Indonesia was still in a state of shock when Ann arrived in 1967 for the first of three extended periods of residence that would eventually add up to the majority of her adult life. The details of the attempted coup and countercoup remain in dispute even today, as do the particulars of the carnage that followed. But it is known that neighbors turned on neighbors. According to Adrian Vickers, the author of “A History of Modern Indonesia,” militias went door to door in villages, abducting suspects, raping women, even targeting children. “The best way to prove you were not a Communist was to join in the killings,” Vickers writes. Bill Collier, a friend of Ann’s who arrived in Indonesia in 1968 and spent 15 years doing social and economic surveys in villages, told me that researchers were told by people living near brackish waterways that they had been unable to eat the fish because of decaying corpses in the water. Many Indonesians chose never to speak about what had happened.
The Jakarta that greeted Ann Soetoro and her son was a tapestry of villages — low-rise and sprawling — interwoven with wooded areas, paddy fields and marshland. Narrow alleys disappeared into warrens of tile-roofed houses in the rambling urban hamlets called kampungs. Squatter colonies lined the canals, which served as public baths, laundry facilities and sewers, all in one. During the long rainy season from November through March, canals overflowed, saturating cardboard shanties and flooding much of the city. Residents traveled mostly on foot or by bicycle or bicycle-propelled rickshaws called becaks. Power outages were common. There were so few working phones that it was said that half the cars on the streets were ferrying messages from one office to the next. “Secretaries would spend hours just dialing and redialing phone numbers trying to get through,” Halimah Brugger, an American who moved there in 1968, told me. Westerners were rare, black people even rarer. Western women got a lot of attention. “I remember creating quite a sensation just being pedaled down the street in a becak, wearing a short skirt,” Brugger said. Letters from the United States took weeks to reach their destination. Foreigners endured all manner of gastrointestinal upsets. Deworming was de rigueur.
Yet the city had a magical charm. People who were children in Jakarta in that period, including Barack Obama, reminisce about the sound of the Muslim call to prayer in the days before public-address systems, and the signature sounds called out by street vendors wheeling their carts through the kampungs. Tea was still served on the veranda of the old Hotel des Indes. Ceiling fans turned languidly in the midafternoon heat, and kerosene lamps flickered in the houses lining the narrow alleys at night. For anyone of no interest to government security forces, life was simple. For a foreigner, it was possible to arrive in Indonesia in 1967 largely ignorant of the horror of just two years before. “I was quite naïve about the whole thing,” Brugger said. “It was all over then. I never felt the slightest bit endangered.” Years later, many people would look back on the late 1960s and early 1970s as a honeymoon period, Vickers writes. Restrictions on the press eased, a youth culture flowered, literary and cultural life thrived. It was, some later commented, Indonesia’s Prague Spring.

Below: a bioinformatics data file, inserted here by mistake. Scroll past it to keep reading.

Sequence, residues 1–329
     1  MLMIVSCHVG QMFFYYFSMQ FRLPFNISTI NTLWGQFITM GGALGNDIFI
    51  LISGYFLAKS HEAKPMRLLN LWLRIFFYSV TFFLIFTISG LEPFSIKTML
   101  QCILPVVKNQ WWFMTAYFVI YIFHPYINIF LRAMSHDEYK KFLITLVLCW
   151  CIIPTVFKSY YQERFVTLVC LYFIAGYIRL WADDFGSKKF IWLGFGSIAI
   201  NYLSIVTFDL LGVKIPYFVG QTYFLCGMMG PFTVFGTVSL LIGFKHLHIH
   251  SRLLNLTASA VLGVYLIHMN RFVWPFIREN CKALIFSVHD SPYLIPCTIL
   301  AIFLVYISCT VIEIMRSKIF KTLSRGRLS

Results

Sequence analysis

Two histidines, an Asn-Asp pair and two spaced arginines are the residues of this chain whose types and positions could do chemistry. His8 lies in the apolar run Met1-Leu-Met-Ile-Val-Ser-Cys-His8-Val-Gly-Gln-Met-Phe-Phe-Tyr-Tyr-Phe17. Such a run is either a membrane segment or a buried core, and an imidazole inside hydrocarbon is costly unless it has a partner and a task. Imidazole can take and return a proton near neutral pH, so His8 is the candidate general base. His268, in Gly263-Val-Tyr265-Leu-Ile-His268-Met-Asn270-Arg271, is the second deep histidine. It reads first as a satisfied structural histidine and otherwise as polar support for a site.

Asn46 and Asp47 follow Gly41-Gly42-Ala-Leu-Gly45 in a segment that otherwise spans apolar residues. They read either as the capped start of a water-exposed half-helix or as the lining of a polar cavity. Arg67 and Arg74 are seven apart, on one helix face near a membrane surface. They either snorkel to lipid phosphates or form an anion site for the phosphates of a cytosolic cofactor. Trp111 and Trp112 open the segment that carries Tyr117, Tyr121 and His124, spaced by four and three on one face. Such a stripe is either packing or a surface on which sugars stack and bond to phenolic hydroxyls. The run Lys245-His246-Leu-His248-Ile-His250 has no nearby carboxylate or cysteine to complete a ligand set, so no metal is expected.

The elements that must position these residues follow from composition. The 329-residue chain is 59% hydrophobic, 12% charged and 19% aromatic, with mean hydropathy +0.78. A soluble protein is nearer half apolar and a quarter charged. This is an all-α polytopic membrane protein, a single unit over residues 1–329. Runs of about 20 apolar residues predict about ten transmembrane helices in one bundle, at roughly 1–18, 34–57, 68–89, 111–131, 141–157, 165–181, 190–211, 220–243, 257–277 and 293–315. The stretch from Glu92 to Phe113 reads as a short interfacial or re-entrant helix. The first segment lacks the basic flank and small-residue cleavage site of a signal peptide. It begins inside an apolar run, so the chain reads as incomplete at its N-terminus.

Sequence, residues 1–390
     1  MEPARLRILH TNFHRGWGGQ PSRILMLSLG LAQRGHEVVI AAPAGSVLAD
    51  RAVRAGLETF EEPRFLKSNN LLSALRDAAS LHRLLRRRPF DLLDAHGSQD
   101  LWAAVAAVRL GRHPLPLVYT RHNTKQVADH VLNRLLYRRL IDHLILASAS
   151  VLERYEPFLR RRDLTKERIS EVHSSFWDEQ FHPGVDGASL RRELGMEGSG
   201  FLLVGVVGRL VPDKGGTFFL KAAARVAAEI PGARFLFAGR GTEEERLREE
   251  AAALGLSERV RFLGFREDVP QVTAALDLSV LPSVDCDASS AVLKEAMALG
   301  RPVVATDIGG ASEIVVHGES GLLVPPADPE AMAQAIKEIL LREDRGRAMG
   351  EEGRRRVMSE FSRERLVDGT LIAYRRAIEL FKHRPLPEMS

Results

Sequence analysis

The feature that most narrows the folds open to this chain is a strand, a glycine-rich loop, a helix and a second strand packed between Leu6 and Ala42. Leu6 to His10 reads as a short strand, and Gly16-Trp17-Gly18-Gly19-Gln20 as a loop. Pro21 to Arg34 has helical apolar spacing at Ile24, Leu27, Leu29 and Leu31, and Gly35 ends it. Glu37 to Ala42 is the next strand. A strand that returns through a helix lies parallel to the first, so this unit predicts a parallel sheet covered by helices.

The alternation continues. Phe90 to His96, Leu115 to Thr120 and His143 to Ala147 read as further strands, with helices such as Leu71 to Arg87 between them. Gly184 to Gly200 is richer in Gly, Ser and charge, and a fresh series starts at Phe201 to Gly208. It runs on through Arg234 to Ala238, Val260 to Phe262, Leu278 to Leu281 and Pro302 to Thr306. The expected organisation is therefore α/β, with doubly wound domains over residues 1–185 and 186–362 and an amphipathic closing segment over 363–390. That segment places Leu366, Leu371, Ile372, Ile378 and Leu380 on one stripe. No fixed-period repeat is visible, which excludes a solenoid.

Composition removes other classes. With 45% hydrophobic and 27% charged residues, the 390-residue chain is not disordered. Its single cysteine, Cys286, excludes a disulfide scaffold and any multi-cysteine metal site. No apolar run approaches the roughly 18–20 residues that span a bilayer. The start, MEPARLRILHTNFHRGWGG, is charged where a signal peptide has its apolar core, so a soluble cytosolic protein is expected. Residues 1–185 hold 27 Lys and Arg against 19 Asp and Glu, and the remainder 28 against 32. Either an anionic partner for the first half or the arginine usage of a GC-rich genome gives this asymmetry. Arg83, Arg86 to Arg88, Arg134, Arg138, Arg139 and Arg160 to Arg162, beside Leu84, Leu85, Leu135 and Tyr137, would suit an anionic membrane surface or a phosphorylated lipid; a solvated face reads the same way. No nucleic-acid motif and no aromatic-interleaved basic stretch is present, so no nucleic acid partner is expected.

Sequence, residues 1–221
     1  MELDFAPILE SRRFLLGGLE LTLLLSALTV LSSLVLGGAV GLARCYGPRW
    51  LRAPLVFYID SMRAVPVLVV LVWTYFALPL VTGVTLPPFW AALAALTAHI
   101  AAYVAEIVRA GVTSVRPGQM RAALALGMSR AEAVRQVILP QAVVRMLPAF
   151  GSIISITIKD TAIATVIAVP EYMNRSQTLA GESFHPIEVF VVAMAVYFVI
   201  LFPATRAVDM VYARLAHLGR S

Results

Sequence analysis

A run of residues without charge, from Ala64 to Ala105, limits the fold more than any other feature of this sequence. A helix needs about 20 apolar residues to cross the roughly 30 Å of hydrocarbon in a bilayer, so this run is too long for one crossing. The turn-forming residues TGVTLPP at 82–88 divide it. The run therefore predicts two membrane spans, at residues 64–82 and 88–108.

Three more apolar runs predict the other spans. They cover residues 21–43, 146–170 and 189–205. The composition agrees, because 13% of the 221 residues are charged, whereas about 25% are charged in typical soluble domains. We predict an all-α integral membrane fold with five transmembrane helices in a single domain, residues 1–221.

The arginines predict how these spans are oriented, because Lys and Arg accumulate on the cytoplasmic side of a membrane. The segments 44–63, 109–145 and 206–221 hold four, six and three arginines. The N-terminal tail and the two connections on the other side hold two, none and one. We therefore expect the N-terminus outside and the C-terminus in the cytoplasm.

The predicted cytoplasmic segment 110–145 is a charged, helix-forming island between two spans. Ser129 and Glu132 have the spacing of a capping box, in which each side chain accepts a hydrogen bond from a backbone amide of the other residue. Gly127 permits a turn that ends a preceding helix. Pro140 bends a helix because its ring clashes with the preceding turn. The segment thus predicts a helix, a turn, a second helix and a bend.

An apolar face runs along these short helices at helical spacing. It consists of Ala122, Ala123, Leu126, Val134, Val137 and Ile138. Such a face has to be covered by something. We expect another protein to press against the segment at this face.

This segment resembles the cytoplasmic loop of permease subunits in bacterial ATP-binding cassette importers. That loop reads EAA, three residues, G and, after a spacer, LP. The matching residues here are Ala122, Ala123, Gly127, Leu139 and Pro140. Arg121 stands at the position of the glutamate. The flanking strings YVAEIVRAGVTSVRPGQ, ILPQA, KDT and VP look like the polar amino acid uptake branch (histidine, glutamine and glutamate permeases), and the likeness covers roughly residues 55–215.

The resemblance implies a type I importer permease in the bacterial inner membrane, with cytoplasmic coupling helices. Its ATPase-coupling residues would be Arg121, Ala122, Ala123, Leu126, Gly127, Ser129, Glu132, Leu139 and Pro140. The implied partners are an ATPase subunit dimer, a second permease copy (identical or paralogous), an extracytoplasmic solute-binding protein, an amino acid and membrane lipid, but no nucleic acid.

When Ann arrived, Lolo was in the army. His salary was low. On her first night in Indonesia, Ann complained later to a colleague, Lolo served her white rice and dendeng celeng — dried, jerked wild boar, which Indonesians hunted in the forests when food was scarce. But when Lolo completed his military service, his brother-in-law Trisulo used his contacts as a vice president at the Indonesian oil company Pertamina to help Lolo get a job in the Jakarta office of the Union Oil Company of California. By the early 1970s, Lolo and Ann had moved into a rented house in Matraman, a middle-class area of Jakarta. The house was a pavilyun, an annex on the grounds of a bigger main house. It had three bedrooms, a kitchen, a bathroom, a library and a terrace. Like the households of other Indonesians who could afford it, it had a sizable domestic staff. Two female servants shared a bedroom; two men — a cook and a houseboy — slept mostly on the floor of the house or in the garden. The staff freed Ann from domestic obligations to a degree that would have been almost impossible in the United States. There were people to clean the house, prepare meals, buy groceries and look after her children — enabling her to work, pursue her interests and come and go as she wanted. The domestic staff made it possible, too, for Ann and Lolo to cultivate their own professional and social circles, which did not necessarily overlap.